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Telling the Patient No

Philip Betbeze, for HealthLeaders Media, May 13, 2011
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“Where you have two approaches to treating a patient population in which the evidence is roughly the same, it would be rational in policy to do the cheaper of the two,” says Keckley. “Hospitals will be caught in the crossfire between a policy and the expectations of doctors and patients,” he adds.

So far, says Keckley, many doctors and patients are successfully blaming the legislation for almost any sense of dissatisfaction with healthcare, adding that polling suggests most consumers associate these themes with health reform legislation.

 “There’s a certain amount of Teflon on the surfaces of local docs and hospitals,” Keckley says. “Consumers will think this is just Washington.”

But that doesn’t mean hospitals and doctors will be entirely off the hook with the public.

Embracing change

Not surprisingly, many leaders on the edge of the changing dynamics are encouraging an ownership culture among their physicians such that they determine the best protocols based on the available evidence, and then hold themselves to that standard, says James C. Sams, MD, medical director of Piedmont Physicians Group, a mostly primary care practice owned by Piedmont Healthcare, a four-hospital system based in Atlanta. Despite the fact that many of the regulations they will have to follow are yet to be implemented, they’re preparing the right mind-set in their physicians by proactively implementing evidence-based guidelines for care. But the standards aren’t being forced upon the physicians—rather, physicians are being asked to author them.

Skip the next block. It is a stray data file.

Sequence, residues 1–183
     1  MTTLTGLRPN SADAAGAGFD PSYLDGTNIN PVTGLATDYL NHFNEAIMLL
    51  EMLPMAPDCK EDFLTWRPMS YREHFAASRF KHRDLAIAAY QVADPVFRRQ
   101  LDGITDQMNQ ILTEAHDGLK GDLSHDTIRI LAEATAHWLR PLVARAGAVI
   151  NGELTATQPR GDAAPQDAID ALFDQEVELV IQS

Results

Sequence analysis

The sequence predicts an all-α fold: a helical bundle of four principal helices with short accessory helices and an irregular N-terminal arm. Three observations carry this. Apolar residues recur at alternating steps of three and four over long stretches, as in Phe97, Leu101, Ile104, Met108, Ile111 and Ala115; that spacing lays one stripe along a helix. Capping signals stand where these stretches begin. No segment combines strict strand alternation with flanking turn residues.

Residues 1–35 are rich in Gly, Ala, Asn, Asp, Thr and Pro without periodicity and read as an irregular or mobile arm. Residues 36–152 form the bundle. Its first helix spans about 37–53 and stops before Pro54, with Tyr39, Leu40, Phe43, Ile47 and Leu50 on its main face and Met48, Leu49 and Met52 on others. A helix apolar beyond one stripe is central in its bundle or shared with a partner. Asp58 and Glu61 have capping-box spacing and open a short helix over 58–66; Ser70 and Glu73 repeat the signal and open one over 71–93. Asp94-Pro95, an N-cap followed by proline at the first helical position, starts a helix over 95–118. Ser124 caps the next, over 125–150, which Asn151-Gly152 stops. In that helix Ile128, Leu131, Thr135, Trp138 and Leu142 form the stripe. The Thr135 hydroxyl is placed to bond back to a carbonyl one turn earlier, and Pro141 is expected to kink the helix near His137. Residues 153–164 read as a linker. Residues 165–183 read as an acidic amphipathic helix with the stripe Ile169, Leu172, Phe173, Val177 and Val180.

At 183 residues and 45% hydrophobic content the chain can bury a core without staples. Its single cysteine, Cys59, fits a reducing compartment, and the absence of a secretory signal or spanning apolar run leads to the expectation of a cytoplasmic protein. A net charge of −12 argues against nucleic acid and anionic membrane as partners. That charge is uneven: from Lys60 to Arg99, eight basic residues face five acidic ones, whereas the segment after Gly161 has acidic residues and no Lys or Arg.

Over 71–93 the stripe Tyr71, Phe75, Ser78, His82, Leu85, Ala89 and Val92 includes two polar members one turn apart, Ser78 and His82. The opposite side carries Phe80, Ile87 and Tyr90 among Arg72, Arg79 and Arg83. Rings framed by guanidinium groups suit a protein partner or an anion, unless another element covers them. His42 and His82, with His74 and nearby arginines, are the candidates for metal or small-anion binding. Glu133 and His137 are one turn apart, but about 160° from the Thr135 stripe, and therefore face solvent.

Guidelines in the outpatient arena are what have seen most of Sams’ attention lately.

“With our employed primary care group, we not only get them to agree to guidelines, but to comply with them,” he says. “That’s not a problem if you show them the value, that it’s what’s best for patients. But the next challenge will be doing this with the nonemployed physicians. Our employed physicians are all on the same EMR, which makes a lot of these decisions easy. When we move to the nonemployed, we’ll see a half dozen different EMRs and paper charts.”

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